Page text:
World Bulletin/News Desk
Australian Greens Senator Sarah Hanson-Young blasted her country's plans to resettle refugees in Cambodia on Tuesday, saying the Southeast Asian nation is ill equipped to even take care of its own people.
Hanson-Young, who arrived in Cambodia Saturday for a short visit to assess its ability to accept refugees from Nauru, said Australia’s plans for refugees in Cambodia are “not sufficient.”
The Australian government runs a detention center on the South Pacific outpost for people seeking asylum on its own shores - a majority of whom are Muslim.
Cambodia’s Interior Minister Sar Kheng and Australian counterpart Scott Morrison signed the $40-million deal in Phnom Penh in September, clinking glasses of champagne as the ink dried. It was met with protests by Cambodians who say the government should be doing more to improve livelihoods here than taking in refugees.
Hanson-Young on Tuesday cited a meeting she'd had with a Rohingya refugee called Tayab as one of the reasons why she feels the deal is ill thought out.
“The majority of the asylum seekers in the detention center in Nauru are Muslim,” she told The Anadolu Agency in an interview on Tuesday, “but there’s also a number of Rohingya, so people just like him.
She said that Tayab rents a small room in Phnom Penh, where he sells roti and earns less than $5 a day.
“He’s been here for four years and he cannot sustain himself. He struggles to pick up the language… English he’s taught himself. It’s not that he’s incapable—Khmer just seems to be very difficult. The fact that there is no real identity of refugees in Cambodia means they struggle to legitimize themselves in any way.”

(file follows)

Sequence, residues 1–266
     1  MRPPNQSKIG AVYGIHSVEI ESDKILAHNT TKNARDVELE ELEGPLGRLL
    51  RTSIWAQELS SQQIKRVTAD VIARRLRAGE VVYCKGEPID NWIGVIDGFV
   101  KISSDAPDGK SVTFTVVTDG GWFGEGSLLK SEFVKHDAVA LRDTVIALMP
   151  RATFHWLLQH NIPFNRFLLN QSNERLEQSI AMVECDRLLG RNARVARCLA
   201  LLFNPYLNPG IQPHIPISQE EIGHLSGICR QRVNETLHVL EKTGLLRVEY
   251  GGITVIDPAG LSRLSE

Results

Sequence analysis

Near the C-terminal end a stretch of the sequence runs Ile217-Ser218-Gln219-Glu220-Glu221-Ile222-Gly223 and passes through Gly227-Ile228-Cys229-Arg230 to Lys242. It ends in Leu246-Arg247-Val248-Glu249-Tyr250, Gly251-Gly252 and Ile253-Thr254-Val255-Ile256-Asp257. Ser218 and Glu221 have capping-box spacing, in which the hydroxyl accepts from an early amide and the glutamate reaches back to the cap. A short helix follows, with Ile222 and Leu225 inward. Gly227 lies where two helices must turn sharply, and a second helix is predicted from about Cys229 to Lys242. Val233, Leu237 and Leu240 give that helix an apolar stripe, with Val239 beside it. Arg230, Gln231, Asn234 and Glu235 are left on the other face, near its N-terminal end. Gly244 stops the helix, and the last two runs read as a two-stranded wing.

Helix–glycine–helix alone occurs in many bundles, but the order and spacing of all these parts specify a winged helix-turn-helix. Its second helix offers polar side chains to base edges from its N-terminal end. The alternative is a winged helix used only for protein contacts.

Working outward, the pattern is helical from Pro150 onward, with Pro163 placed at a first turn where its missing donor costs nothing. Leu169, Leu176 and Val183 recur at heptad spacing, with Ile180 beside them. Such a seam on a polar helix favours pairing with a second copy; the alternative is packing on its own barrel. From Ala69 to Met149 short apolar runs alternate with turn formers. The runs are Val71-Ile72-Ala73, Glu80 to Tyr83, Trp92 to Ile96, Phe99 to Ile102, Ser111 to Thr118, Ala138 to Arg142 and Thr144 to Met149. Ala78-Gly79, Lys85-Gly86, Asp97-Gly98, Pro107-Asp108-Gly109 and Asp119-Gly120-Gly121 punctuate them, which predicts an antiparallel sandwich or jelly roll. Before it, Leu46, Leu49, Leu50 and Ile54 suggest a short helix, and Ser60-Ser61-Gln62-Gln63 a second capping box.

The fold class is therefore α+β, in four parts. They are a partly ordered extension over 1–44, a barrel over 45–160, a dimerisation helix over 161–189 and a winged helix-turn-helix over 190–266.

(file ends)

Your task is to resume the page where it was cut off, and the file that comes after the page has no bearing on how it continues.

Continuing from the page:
According to the memorandum of understanding signed between the Cambodian and Australian governments in September, Australia will assist in the settlement of the refugees in Cambodia for a 12-month period. That includes access to Cambodia’s public education and health systems, which are woefully underperforming.
“After that, they are on their own,” Hanson-Young said. “It is not sufficient, it is totally unrealistic. If he [Tayab] can’t do it in four years, how on earth do we think the Australian government will magically make it work? He does not feel safe here, he has no sense of belonging and he is looking for the next way out.”
Both governments have said the resettlement would be on a voluntary basis, but most of the refugees on Nauru—many of them Iranian Muslims—have said they do not want to go to Cambodia.
Last Mod: 18 Kasım 2014, 15:59